Supervillains and Philosophy
Sometimes, Evil Is Its Own Reward
Edited by Ben Dyer
Volume 42 in the Popular Culture and Philosophy® series
If you want to take over the world—for the pure thrill of power, for delight in sheer destruction, or to solve everyone's problems and make the world a far better place—you're a candidate for supervillainy.
But do you have what it takes? Or will you end up like the others, gnashing your fangs over the fatal screw-ups of your bungling minions?
Supervillains and Philosophy not only divulges the essentials you need to become a successful supervillain, it aggressively confronts the outstanding philosophical problems of supervillainy.
Pow! Is there a contradiction in wanting to be good at doing bad? Crunch! Can the hunger for absolute power ever be satiated? Splat! Aren't some superheroes just as bad as their evil counterparts? Biff! Why are dependable evil henchmen so hard to find? Varoom! Is it okay to violate the rights of evil masterminds? Kablam! Do inadequate superheroes and inadequate supervillains really need each other? Whaam! Are the supervillains finally winning?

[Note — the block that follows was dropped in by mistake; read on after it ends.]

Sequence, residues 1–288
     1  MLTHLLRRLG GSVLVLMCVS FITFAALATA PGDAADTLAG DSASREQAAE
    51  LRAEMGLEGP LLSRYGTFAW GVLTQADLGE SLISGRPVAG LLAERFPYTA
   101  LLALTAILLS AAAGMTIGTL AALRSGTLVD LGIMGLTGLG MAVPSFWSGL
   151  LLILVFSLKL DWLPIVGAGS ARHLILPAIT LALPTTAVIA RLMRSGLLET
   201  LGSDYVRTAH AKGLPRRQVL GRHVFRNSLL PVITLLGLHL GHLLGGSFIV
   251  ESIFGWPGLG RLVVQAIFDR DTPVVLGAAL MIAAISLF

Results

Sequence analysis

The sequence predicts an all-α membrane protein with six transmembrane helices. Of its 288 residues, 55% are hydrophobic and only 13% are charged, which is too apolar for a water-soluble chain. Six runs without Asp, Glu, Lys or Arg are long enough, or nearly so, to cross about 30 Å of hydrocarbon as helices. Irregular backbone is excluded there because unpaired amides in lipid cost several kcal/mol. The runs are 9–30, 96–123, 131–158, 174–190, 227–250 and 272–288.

"Professor Moriarty's best students contemplate the eclipse of the soul and all that is wholesome. Somewhere deep down you know you admire these damaged and misunderstood geniuses—and without them, we would never learn about the shadows cast by the superheroes. You need them and you love them, from Lex Luthor to Batzarro. Ben Dyer and his henchmen invited me to their hideout for ‘a little fun', and now I'm really in a fix. Tune in next week, would you?"
—Randall E. Auxier, co-editor of The Wizard of Oz and Philosophy
"In Supervillains and Philosophy, fans of comic books are shown how a closer examination of the best (or is it the worst?) supervillains will add to their understanding of both the comic book universe and this one that we occupy."
—Jeff McLaughlin, editor of Comics as Philosophy
"A terrific book, filled with thoughtful discussions, intelligent insights, and an engaging dash of humor. A spectacular tour of the heroic and the hideous in the modern world of comic books, and a necessary addition to the library of any student of today's graphic novels."
—Robert Weinberg, co-author of The Science of Supervillains
Ben Dyer is completing his Ph.D. on gratitude as a foundation for political obligations, at Bowling Green State University.